If we are operating with emotional deficits like the example above, we can mistake this physical attraction for love. Actual love is a deep-seated connection built by years of growing together with someone. Erotic love contributes wonderfully to it, but erotic love by itself invariably leaves a person more lonely with each relationship. People who bounce from one intimate relationship to another are typically unable to receive actual love from another, so they reflexively pursue the counterfeit.
The Anatomy of Infidelity
Infidelity happens when motive creates desire, and then opportunity becomes action. As with all sin, people wouldn’t practice infidelity if there were not a payoff. Besides the obvious payoff of sexual gratification, an affair actually soothes the wounded part of the self that drives the behavior in the first place, and there is a thrill associated with breaking rules and “being bad” which can actually heighten the erotic energy in the relationship.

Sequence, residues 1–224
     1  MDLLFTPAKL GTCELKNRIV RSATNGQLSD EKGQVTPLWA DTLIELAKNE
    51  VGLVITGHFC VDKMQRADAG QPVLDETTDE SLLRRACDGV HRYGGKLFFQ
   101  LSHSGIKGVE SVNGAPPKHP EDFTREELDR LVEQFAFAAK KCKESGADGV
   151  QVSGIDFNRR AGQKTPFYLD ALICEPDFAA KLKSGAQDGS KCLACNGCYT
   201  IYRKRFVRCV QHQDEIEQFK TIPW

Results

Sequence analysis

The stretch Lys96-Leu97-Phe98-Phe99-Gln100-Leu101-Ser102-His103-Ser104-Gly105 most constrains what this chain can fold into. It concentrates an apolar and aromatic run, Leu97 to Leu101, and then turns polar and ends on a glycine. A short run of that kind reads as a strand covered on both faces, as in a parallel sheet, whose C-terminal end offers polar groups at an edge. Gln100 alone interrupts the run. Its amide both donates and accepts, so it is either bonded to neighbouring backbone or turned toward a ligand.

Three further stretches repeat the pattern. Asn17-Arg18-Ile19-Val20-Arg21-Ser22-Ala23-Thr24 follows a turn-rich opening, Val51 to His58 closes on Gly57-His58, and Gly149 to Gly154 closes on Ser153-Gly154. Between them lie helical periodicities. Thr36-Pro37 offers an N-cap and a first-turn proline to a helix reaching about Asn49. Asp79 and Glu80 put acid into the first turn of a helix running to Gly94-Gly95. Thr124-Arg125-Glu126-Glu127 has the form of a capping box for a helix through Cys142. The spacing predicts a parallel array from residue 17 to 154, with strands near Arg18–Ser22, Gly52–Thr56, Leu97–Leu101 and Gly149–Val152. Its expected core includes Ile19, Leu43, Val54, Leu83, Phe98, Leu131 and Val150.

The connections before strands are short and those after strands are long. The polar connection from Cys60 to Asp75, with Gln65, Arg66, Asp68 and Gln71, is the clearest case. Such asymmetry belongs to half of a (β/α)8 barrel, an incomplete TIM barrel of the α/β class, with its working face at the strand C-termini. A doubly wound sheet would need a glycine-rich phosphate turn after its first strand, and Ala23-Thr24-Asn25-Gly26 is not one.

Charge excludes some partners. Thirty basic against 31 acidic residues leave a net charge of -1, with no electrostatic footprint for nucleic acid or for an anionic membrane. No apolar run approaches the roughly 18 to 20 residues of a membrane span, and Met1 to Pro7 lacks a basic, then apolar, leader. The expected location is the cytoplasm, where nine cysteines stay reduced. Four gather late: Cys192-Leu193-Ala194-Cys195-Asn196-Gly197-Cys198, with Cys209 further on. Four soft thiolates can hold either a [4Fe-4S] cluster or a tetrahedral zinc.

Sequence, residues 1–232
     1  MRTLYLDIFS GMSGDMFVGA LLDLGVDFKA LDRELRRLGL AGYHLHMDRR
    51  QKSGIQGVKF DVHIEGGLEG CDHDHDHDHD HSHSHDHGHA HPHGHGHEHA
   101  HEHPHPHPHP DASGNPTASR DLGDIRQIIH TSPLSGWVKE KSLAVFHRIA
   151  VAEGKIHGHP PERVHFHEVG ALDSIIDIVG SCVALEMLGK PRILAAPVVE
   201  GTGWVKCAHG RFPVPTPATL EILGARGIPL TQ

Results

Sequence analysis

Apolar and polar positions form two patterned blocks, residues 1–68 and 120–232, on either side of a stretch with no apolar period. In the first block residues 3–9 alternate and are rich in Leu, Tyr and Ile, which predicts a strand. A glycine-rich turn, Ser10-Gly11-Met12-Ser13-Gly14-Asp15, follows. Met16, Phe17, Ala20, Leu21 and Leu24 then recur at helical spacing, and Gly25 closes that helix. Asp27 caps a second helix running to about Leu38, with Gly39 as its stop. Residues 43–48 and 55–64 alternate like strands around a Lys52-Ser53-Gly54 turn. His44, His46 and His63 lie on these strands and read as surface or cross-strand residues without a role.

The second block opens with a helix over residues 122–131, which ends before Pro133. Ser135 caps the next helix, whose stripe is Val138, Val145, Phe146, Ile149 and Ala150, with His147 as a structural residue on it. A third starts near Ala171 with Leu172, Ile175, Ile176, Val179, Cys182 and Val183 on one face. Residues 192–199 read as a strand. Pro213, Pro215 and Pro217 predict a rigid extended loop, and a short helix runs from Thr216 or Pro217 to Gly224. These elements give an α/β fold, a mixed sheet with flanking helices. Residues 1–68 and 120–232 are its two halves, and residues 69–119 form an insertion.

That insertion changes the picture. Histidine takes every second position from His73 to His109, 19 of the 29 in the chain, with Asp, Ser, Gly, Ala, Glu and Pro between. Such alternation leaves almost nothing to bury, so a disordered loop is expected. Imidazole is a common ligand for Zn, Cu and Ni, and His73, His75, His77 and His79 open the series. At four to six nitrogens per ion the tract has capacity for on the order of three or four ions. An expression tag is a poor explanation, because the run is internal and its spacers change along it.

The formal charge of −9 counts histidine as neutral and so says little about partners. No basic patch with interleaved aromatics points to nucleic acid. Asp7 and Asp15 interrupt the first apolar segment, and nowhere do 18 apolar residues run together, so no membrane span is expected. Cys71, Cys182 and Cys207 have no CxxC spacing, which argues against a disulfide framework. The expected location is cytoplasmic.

Every sin is a counterfeit of something good, and infidelity is no different. Like an addiction, for most people it only works for a while. When it fails, the downsides are significant, in the form of agonizing guilt and shame, terrible damage to marriages and children, and sometimes even loss of jobs or homes. Make no mistake, affairs are a wrecking ball to whatever trust and happiness there is in a marriage. This is why it is important to identify infidelity early in the process.
Where Infidelity Starts
There is no such thing as “harmless” flirting with someone else if you are married. You may have seamlessly integrated your sexuality into your personality, such that you might like to say, “It’s just how I am.” That doesn’t make it harmless. Or maybe it’s more accurate to say it’s harmless until it isn’t.
All it takes is you being in a bad space, triggered emotionally, feeling one down, and someone really appealing shows up and makes you feel good, and you can start down the path. It turns out the best way to stop infidelity in its tracks is to interrupt it as soon as you become aware of it.